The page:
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February 19, 2010

CW presents the role of women during Women's History Month in March

During Women’s History Month in March, Colonial Williamsburg’s Historic Area and the Art Museums of Colonial Williamsburg feature the programs that showcase the many roles of women on the eve of the American Revolution.

“The role of women in 18th-century Virginia has long been overlooked,” said Kristen Spivey, program developer in Colonial Williamsburg’s public history department. “Our Women’s History Month programs tell the stories of the vital roles women played at work, in the home and at war.”

Programs include:

  • A Lady and Her Music. Enjoy the music that enlivened the households of the 18th century. When time permitted, ladies of the middling and better sort indulged themselves and their families with music on harpsichord, spinet or English guitar. Presented 10 a.m.- noon on Mondays at the Wythe House from March 1-30 and 2-4 p.m. on Fridays from March 5-26 at the Geddy House. Ticket: Included in all Historic Area admission passes.
  • In the Parlour. A woman’s domain was her parlour where she spent her time engaged in the skills necessary to be considered both amiable and accomplished. Tea, poetry, music and dance – discover the world of the 18th-century woman. Presented 10:30 a.m., Raleigh Tavern on Tuesdays, March 2 and 9 and Thursdays, March 4 and 11. Ticket: Included in all Historic Area admission passes.
  • An Uncommon Soldier. Women serving in the military in the 18th century was not common. Many women followed the army as wives, nurses, cooks and laundresses. There were a few women who joined the ranks in disguise, and this program explores the experiences of one of them. Presented noon, Magazine yard, Wednesdays, March 3-31 and Saturdays, March 6 and 20. Ticket: Included in all Historic Area admission passes. Weather permitting.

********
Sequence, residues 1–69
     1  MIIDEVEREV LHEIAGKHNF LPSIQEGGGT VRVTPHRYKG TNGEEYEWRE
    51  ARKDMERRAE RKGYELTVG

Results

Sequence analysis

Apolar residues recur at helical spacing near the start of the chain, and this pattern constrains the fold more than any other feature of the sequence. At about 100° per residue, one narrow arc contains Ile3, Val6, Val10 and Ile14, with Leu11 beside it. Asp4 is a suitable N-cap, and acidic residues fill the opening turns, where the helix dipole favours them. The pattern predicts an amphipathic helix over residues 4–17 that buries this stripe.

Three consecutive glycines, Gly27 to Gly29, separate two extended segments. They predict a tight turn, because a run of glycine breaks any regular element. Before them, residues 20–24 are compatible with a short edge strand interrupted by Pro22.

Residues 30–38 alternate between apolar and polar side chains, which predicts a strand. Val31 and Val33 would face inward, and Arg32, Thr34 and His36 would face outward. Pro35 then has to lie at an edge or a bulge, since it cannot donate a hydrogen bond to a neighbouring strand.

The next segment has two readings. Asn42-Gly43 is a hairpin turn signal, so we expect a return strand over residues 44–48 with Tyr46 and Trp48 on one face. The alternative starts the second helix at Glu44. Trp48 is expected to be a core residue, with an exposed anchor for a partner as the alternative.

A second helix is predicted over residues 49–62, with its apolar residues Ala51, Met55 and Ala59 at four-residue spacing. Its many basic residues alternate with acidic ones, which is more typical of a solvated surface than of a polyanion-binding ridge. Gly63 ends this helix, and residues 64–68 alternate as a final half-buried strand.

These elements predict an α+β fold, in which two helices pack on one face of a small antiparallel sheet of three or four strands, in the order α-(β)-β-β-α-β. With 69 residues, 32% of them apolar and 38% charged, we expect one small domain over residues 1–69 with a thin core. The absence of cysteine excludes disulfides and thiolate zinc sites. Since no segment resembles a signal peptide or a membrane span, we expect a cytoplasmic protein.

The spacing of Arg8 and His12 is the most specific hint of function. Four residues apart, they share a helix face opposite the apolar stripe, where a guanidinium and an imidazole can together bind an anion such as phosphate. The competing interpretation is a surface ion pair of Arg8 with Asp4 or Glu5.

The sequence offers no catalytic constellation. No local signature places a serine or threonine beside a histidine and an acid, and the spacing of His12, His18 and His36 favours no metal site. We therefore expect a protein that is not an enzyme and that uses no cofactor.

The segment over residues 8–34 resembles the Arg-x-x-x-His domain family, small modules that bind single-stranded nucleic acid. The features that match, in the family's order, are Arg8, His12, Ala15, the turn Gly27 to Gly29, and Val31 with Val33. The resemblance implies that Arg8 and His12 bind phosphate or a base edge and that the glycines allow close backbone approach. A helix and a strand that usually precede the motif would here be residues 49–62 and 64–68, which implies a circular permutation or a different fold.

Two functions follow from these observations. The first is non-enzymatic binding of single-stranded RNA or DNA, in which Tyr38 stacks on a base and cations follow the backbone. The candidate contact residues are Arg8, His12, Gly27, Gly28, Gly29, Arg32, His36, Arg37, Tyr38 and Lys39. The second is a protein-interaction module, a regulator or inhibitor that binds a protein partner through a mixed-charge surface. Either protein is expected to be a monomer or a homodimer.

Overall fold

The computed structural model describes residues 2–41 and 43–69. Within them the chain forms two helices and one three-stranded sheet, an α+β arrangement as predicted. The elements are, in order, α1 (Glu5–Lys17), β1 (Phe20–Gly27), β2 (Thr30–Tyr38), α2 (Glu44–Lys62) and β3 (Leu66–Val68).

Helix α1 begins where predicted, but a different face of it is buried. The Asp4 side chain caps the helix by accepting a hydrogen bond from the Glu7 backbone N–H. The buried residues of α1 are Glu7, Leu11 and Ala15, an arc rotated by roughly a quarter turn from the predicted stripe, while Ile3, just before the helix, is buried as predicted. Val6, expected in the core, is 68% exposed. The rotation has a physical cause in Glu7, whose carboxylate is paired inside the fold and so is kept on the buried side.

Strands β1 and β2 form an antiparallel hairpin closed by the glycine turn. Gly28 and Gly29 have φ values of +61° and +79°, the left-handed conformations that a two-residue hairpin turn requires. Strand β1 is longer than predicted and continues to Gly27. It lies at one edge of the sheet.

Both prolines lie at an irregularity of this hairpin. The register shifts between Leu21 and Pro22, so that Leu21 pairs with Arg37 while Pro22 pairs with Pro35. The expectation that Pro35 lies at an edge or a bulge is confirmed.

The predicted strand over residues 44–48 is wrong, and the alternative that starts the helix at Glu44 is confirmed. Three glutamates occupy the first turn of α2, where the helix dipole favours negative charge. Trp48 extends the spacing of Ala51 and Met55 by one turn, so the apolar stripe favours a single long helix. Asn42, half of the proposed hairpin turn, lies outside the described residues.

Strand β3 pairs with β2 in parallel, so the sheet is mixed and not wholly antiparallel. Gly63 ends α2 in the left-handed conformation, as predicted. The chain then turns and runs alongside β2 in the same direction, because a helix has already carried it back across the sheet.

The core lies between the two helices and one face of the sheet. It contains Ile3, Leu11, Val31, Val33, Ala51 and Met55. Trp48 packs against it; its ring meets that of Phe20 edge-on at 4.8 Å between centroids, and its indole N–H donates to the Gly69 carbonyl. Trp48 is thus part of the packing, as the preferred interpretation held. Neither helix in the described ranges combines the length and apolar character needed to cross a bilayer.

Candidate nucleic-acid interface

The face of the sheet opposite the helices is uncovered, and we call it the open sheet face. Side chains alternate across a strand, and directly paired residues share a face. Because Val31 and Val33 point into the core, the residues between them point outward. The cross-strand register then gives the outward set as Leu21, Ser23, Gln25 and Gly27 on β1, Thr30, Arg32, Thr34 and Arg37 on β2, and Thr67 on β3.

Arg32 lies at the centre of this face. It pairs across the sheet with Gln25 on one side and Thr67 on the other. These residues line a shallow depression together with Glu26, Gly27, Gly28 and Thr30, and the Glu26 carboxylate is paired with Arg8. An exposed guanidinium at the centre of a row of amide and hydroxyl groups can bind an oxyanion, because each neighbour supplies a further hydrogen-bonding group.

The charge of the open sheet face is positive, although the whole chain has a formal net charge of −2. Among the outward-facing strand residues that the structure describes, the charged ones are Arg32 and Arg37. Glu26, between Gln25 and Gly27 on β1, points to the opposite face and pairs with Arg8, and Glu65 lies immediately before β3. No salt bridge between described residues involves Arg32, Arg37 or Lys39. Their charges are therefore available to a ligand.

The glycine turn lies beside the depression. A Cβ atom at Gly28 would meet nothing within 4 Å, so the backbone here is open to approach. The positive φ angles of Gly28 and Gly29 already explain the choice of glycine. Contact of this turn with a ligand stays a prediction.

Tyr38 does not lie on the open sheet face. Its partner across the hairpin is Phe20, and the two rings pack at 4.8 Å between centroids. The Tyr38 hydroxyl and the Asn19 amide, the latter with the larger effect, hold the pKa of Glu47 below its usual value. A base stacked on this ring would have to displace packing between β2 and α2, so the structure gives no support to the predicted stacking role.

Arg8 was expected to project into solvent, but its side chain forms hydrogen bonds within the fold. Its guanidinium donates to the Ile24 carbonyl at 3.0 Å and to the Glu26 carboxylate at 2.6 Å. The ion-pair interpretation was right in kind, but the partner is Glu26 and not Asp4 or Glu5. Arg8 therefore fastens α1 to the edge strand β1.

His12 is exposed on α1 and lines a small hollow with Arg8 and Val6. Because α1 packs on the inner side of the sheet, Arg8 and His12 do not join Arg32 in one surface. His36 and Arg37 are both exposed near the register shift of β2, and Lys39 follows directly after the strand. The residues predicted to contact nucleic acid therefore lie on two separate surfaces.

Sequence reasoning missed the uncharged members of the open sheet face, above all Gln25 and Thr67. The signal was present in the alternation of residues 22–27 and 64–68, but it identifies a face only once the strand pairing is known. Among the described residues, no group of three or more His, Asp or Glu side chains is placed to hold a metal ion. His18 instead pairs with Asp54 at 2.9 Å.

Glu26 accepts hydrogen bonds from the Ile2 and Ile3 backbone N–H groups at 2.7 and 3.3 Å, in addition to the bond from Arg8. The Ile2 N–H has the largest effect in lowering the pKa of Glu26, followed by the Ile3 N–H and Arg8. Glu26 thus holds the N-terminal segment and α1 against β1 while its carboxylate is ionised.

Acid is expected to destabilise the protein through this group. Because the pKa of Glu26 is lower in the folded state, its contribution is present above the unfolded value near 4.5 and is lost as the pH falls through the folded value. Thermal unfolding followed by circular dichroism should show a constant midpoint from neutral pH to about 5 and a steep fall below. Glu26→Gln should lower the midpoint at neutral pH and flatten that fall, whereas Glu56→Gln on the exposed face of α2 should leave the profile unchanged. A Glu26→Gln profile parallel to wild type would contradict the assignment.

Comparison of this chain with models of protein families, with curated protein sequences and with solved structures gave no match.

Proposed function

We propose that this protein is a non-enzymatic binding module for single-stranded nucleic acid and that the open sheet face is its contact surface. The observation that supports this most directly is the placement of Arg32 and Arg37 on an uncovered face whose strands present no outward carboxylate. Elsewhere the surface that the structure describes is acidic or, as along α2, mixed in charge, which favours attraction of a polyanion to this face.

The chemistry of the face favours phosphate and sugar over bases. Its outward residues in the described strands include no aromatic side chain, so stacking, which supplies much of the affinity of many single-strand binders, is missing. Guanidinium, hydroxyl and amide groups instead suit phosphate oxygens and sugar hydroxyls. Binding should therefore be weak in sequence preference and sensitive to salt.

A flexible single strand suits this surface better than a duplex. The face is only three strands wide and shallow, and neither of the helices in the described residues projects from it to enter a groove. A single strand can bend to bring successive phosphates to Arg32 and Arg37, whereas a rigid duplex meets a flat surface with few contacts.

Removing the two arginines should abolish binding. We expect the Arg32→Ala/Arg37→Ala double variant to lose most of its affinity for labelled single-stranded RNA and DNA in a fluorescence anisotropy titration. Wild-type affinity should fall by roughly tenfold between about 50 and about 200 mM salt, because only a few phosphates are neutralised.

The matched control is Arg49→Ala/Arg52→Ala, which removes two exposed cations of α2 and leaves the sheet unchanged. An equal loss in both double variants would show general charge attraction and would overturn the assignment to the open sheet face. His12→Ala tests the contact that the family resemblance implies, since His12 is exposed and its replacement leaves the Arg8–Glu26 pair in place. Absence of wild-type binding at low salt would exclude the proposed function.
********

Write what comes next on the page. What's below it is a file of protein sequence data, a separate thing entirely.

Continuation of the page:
• The Duties of the President’s Wife. When George Washington was elected president, no one gave thought to what Martha Washington would do while he served his country. Mrs. Washington has been called upon to define a role that has served as a model down through the centuries. Join Mrs. Washington in the spring of 1789 and discuss with the first First Lady her duties and help her decide what role she will play. Presented 1:30 p.m., Monday, March 8 and 12:30 p.m., Mondays, March 15, 22 and 29, DeWitt Wallace Decorative Arts Museum. Ticket: A Colonial Williamsburg admission pass or museum ticket allows guests to enjoy this program.
  • Only Your Hairdresser Knows: The Latest Fashions and News of the Day. Discover the world of women wigmakers and the ladies who wore them. Presented 1, 1:15, 1:30, 1:45, 2 and 2:15 p.m., Wigmaker Shop, March 9 and 23. Ticket: Included in all Historic Area admission passes. A free reservation is required.
  • Women’s Work in Business and Trade. Join skilled tradeswomen from Colonial Williamsburg’s Historic Trades in a group discussion that focuses on women in commerce in colonial America. Presented 3 p.m., DeWitt Wallace Decorative Arts Museum, March 11 and 25. Ticket: Included in all Historic Area admission and museum passes.